Six species (or species complexes) are recorded in the Michigan Flora. They are in the Rose Family (Rosaceae) and not closely related to Dogwoods. Their flowering height ranges from one-foot (3dm) to sixty-three feet (19m) in height. They are distinguished by characters of inflorescence shape, leaf venation, leaf toothing, flower shape, petal length, and hairiness of the ovary. Species hybridize and an Ouija board can be as useful as a microscope in determining identification. Ed Voss in the second volume of the Michigan Flora states, “The only virtue Amelanchier has over Crataegus [Hawthorns] and Rubus [Blackberry and Raspberries] is that, by being smaller, it lures us to the hope that it may be more manageable.” If you wish to try identifying Juneberries to species than consult the Michigan Flora website. The “normal” looking plants of each species are distinct but too many plants have not followed the book.

Amelanchier Juneberry blossoms and new leaves

Juneberry blossoms and new leaves

Juneberries are known by a host of common names including, Serviceberry, Shadbush, Shadblow, and Sugarplum. The last name is in reference to the sweet fruit that some species produce. I have eaten fruit off small Juneberry trees in the Upper Peninsula that was as sweet and as juicy as Blueberries.

Look for Juneberries flowering in the north during the next couple of weeks. They are beautiful shrubs in spite of the difficulties in identification.
Copyright 2014 by Donald Drife

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Michigan Pines

Pinus strobus banksiana resinosa sylvestris

Pine needles: l-r White, Jack, Red (Black similar), Scots

Michigan has three native species of Pine trees and two widely established non-native species. Two additional species have been recorded in the Michigan Flora database but currently they rarely escape. They are Pitch Pine (Pinus rigida) and Ponderosa Pine (P. ponderosa). Both of these species have needles in groups of three.

Pinus strobus White Pine

White Pine

White Pine (P. strobus) is native and easy to recognize with its needles in groups of five. They are fine, soft needles. Its cones are three times as long as they are wide. This is the state tree of Michigan. This was the preferred pine species during Michigan’s lumber era, because it occurred in pure stands and floated well.

Pinus banksiana cones

Jack Pine: Pollen cones l, Seed cones r

Jack Pine (P. banksiana) is native occurring mostly north of Saginaw but coming south along the Lake Michigan coast to the state line. It has two, 2-4 cm (3/4” to 1 1/2”) long needles in each cluster. They are normally twisted. Its bark is dark red to dark gray and at times looks as if it is covered by burnt corn flakes. Bent cones are another distinguishing character of this tree. It is often stated that fire is required to open the cones but I commonly see open cones hanging on trees.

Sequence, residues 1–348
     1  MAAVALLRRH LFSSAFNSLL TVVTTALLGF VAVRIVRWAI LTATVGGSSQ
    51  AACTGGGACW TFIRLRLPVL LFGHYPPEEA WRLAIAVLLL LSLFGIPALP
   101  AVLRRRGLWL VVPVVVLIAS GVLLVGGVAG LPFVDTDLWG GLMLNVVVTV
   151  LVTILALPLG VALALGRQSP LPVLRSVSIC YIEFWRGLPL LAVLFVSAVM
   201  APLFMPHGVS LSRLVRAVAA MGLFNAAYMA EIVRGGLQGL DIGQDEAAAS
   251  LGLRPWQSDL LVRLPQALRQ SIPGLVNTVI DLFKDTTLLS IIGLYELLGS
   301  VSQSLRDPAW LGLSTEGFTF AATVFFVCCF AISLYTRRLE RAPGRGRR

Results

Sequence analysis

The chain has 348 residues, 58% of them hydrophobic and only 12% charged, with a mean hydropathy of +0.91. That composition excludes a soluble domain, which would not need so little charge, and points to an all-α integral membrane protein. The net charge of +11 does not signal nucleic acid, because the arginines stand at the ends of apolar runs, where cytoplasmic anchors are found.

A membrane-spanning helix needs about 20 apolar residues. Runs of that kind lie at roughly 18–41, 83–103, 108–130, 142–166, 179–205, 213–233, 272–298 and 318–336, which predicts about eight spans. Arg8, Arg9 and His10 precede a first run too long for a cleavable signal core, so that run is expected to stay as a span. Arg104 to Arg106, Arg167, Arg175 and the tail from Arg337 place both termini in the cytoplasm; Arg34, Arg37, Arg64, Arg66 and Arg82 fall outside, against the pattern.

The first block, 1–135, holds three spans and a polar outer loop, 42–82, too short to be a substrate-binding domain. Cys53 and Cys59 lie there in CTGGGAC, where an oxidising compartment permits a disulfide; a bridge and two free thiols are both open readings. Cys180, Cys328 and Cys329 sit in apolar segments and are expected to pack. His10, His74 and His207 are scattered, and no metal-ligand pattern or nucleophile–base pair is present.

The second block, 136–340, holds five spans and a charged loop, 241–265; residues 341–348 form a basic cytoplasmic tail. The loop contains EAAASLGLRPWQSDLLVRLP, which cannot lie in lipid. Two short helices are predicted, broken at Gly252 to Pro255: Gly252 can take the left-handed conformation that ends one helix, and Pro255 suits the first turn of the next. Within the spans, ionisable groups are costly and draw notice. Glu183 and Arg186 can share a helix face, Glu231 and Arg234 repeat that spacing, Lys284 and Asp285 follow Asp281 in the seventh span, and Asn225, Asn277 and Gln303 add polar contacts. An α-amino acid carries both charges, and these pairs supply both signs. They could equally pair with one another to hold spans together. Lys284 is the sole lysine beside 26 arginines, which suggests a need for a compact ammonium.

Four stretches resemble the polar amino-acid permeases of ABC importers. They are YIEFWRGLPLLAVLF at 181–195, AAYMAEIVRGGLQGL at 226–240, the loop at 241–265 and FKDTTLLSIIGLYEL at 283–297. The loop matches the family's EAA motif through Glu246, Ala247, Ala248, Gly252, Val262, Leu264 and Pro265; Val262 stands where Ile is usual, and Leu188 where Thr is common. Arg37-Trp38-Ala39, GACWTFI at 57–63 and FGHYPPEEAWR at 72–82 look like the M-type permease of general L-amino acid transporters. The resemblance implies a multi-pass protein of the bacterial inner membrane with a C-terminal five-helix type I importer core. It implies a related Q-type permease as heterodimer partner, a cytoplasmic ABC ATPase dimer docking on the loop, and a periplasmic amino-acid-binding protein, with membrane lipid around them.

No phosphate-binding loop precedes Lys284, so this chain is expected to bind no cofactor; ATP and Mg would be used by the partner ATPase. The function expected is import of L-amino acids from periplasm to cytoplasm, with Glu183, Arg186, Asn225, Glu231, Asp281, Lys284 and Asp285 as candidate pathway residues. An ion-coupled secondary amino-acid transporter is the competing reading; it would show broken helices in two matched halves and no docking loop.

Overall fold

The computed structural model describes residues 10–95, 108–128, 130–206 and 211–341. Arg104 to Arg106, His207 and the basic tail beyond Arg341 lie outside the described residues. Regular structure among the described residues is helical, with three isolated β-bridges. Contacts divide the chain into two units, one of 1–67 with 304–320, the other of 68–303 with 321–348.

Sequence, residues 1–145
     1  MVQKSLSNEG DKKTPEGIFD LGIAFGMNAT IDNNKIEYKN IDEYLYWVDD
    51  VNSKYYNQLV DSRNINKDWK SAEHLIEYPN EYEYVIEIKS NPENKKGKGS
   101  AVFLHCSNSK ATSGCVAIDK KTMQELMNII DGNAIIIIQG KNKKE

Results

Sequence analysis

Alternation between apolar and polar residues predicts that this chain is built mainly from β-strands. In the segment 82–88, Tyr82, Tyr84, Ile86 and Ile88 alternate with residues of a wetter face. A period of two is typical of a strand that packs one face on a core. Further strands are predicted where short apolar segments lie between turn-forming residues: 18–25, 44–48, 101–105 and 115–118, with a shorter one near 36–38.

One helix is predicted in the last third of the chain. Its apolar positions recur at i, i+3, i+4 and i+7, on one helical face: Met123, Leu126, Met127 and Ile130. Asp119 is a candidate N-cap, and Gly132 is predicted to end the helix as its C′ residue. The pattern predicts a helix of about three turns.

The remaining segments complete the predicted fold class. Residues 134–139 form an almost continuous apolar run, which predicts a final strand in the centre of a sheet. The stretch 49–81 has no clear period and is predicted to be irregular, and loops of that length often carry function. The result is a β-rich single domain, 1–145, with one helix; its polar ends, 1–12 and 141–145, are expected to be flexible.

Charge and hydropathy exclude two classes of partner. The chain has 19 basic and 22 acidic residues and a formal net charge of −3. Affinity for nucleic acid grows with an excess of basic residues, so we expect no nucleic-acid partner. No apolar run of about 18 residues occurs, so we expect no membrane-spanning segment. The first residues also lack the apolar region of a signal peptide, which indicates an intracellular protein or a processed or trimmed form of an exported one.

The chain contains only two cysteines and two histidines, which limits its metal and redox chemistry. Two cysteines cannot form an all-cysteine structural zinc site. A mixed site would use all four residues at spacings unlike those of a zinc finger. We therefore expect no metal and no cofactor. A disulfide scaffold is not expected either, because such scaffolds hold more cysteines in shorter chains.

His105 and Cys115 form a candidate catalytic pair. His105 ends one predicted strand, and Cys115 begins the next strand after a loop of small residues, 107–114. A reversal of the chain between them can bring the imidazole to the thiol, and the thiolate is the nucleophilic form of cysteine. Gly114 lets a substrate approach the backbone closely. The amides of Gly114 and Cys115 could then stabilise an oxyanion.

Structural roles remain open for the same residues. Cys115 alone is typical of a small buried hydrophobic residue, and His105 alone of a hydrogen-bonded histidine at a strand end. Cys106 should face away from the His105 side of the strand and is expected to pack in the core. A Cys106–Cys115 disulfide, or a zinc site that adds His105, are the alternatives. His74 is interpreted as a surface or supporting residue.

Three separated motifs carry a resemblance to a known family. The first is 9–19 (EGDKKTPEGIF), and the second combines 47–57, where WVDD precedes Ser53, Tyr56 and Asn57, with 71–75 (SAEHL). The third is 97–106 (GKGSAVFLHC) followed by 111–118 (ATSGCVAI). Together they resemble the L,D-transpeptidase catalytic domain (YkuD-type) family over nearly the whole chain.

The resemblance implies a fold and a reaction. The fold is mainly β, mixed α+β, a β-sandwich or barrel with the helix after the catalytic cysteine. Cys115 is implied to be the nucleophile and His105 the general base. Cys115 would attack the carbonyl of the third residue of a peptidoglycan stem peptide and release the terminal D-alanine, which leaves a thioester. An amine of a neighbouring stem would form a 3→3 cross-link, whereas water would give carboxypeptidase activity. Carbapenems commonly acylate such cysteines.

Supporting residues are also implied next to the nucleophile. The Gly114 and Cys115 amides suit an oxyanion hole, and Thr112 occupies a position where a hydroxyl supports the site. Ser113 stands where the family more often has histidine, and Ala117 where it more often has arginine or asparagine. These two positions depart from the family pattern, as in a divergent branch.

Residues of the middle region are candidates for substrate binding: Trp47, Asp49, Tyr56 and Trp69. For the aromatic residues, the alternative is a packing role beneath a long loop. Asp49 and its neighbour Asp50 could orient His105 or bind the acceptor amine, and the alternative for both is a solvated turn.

Pinus banksiana Jack Pine

Jack Pine

It is among young Jack Pines that Kirtland’s Warblers nest. This is a short-lived species; a sixty year old Jack Pine is ancient whereas a sixty year old Red or White Pine is still a teenager. Jack Pine is normally a small tree, reaching 15 m (50 feet) in height. I watched one Jack Pine for a decade that crept along the ground, never reaching more than 1 m (3 feet) in height but becoming 5 m (16 feet) long before it died.

Pinus banksiana l_Pinus sylvestris r

Jack Pine background left, Scots Pine foreground left and right

Pinus sylvestris  Scots Pine

Scots Pine

Scots Pine or Scotch Pine (P. sylvestris) is a Eurasian species that has been planted extensively in Michigan. Mature trees have a distinct reddish-orange bark in the upper tree trunk. The needles are similar to Jack Pines making immature trees difficult to separate. I hit my palm against the end of the needles and if they feel sharp then it is a Scots Pines. The needles are sometimes glaucous (with a waxy bloom) and tend to be slightly longer than Jack Pine needles. Cones on Scots Pines are straight and open in the second year.

Pinus nigra bark l P. resinosa c P. resinosa r

l-r Black Pine bark, Red Pine bark, Red Pine branch and cone

Red Pine (P. resinosa) is a native growing mostly north of Flint. It has two, 10-15 cm (4” to 6”) long needles in each cluster. When bent the needles break. This species has reddish-brown winter buds. Its common name comes from the flaky, reddish upper bark. Stumps, 110 years old, dot the field at our cabin near Grayling. Red Pines normally occur in mixed stands with Oaks (Quercus sp), Cherries (Prunius sp) or White Pine. They were lumbered later than the pure stands of White Pine.

Pinus nigra l P. resinosa r winter bud

Terminal buds l-r Black Pine (with first-year cone), Red Pine

Pinus nigra l P. resinosa r

cones l-r Black Pine (turned upside-down to show prickle), Red Pine

Black Pine or Austrian Pine (P. nigra) is an European species that is widely planted in the Great Lakes Region. The needles are similar to Red Pine but they are flexible. This species has black bark and appears denser having more needle clusters and branches than a Red Pine. Its winter buds are whitish and sticky. Black Pine cones have prickles on their umbos and Red Pines have flattened umbos. An umbo is the shield-like structure on a pine cone’s scale. Black Pine cones are yellowish-green before they open.

Pinus nigra  Black Pine

Black Pine

Copyright 2014 by Donald Drife